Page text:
A possible opportunity would be to consider a microbulk or cylinder manifold room. These cylinders would be connected to the oxygen main supply and set to a lower psi. The concept here is to ensure the oxygen automatically kicks in when the line pressure drops to below a set pressure.
If the bulk tank farm (including the reserve) were to fail, the microbulk or manifold room would step in long enough for a bulk tanker to pull up and connect to the EOSC. Again, this requires additional floor space, which comes at a premium.
3. Source equipment failure (med air, med vac, N2, N2O, CO2). When it comes to medical air and medical vacuum source equipment (compressors), they are usually in the same room. The manifold room could contain nitrogen, nitrous oxide and carbon dioxide cylinders, which could fail. If something were to happen or if they needed to be replaced, a valved and piped auxiliary connection can be provided.
These auxiliary connections are making it into the 2024 NFPA 99 codebook. They will come with an additional set of low voltage signal wires to be connected to the master alarm panels to monitor the temporary source equipment. They will also require emergency power on the life safety branch to be provided.
Another option is to place medical vacuums and medical air source equipment in various parts of the hospital and provide a bypass valve that can be opened in an emergency. These multiple units are usually found in older facilities where they have been added onto over the years. You typically do not see these additional pieces of equipment on a new build, as that would get value-engineered out of the project to save upfront costs.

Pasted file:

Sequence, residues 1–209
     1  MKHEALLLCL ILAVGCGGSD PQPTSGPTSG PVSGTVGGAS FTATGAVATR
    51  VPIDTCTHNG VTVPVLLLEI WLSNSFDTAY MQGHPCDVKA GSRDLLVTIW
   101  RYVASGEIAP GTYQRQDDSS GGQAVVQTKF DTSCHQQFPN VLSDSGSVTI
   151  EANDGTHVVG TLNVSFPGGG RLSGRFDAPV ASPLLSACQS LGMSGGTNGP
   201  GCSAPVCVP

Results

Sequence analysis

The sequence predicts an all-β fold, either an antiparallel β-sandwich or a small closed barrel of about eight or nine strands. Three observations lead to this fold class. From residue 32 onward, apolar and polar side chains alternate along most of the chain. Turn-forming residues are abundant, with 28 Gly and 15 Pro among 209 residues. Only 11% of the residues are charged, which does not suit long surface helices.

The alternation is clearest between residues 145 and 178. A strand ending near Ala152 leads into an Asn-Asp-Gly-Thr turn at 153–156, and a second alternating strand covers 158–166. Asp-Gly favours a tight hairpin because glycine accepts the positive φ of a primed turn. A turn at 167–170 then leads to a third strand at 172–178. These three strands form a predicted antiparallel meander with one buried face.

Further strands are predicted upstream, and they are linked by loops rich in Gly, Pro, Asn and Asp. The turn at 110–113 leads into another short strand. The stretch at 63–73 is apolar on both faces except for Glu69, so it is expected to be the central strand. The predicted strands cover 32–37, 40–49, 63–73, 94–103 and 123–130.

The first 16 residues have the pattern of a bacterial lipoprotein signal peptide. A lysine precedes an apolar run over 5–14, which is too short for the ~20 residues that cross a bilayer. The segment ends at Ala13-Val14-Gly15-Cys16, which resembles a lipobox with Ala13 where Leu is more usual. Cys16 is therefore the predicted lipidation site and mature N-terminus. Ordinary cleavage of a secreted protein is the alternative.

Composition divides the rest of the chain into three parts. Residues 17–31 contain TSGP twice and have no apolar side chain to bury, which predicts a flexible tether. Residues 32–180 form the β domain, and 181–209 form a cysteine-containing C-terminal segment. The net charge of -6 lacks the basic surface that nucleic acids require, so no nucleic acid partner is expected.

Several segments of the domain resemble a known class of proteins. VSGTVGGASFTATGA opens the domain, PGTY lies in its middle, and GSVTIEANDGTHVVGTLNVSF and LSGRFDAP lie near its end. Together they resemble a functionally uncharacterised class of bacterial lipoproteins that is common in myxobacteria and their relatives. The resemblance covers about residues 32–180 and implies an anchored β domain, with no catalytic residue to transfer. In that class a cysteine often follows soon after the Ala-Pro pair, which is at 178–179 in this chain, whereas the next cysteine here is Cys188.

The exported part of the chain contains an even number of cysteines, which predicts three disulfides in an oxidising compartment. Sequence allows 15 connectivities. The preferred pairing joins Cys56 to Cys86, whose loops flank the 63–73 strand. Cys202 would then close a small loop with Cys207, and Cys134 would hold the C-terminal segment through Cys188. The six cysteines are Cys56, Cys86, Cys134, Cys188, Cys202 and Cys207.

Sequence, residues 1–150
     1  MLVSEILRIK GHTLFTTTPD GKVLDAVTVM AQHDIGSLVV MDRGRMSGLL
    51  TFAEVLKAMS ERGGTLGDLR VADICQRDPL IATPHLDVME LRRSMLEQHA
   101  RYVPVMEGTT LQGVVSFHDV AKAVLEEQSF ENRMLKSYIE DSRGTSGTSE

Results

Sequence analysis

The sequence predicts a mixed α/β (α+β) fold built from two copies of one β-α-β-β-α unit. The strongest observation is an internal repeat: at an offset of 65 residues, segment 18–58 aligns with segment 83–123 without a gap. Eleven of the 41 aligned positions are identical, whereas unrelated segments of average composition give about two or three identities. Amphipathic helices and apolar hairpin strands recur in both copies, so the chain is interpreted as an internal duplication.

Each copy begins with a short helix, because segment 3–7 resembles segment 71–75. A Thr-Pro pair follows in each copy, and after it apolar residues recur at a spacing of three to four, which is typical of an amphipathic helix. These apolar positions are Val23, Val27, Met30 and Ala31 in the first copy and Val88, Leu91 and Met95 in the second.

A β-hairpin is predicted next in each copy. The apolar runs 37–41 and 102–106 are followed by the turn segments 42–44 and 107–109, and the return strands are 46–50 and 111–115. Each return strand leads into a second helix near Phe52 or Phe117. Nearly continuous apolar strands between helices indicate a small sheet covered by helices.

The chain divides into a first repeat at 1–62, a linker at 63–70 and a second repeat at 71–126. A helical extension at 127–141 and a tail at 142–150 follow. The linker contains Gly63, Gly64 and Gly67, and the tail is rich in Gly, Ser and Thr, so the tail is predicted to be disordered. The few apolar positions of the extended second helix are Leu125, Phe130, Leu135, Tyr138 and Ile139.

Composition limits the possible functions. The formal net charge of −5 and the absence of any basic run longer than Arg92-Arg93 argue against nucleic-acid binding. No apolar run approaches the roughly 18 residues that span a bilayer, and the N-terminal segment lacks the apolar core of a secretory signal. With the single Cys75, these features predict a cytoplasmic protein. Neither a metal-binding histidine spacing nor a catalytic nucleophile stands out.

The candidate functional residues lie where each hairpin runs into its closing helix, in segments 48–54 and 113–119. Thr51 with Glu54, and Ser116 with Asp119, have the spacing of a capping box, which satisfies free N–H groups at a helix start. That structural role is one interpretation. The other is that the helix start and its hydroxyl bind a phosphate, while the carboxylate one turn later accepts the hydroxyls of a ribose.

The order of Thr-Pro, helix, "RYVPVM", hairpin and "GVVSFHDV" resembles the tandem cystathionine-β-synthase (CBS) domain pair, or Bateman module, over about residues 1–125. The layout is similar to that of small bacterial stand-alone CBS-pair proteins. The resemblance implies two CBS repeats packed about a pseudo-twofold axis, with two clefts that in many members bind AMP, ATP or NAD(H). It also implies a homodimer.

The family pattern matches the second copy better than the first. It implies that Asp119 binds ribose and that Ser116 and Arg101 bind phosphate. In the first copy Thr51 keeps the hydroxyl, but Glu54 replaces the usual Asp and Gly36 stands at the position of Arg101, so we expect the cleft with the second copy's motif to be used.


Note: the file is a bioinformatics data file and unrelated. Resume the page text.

Now to address the more difficult system failures.
4. Electrical failure. Well, this is more for the electrical engineer to figure out, but we need to understand how they are powering our equipment. We need to know our equipment will be on a life safety branch that will provide uninterruptable power.
5. Domestic hot water failure or replacement of source equipment. Equipment failure is less likely to occur but still needs to be thought out carefully.
Bypass piping can be a good solution, depending on how it is piped; the source equipment needs to be evaluated for handling additional loads.
A good option would be to provide multiple heaters throughout the facility that are or can be interconnected and used in an emergency.
In a well-thought-out system, if part of the heating system needs to be taken offline, you can have parts of the system pick up the slack. We can cover this in more detail in upcoming columns.
While some of these concepts are simple solutions, they still have cost implications, which may cause the concept to be value-engineered (removed) from the base bid. Portions of these concepts could be implemented upfront and allow for future implementation of the remaining concepts to occur when funding is available.
These are things that can go seriously wrong at any time, and we need to prepare our clients for anything that can happen, keeping cost in mind.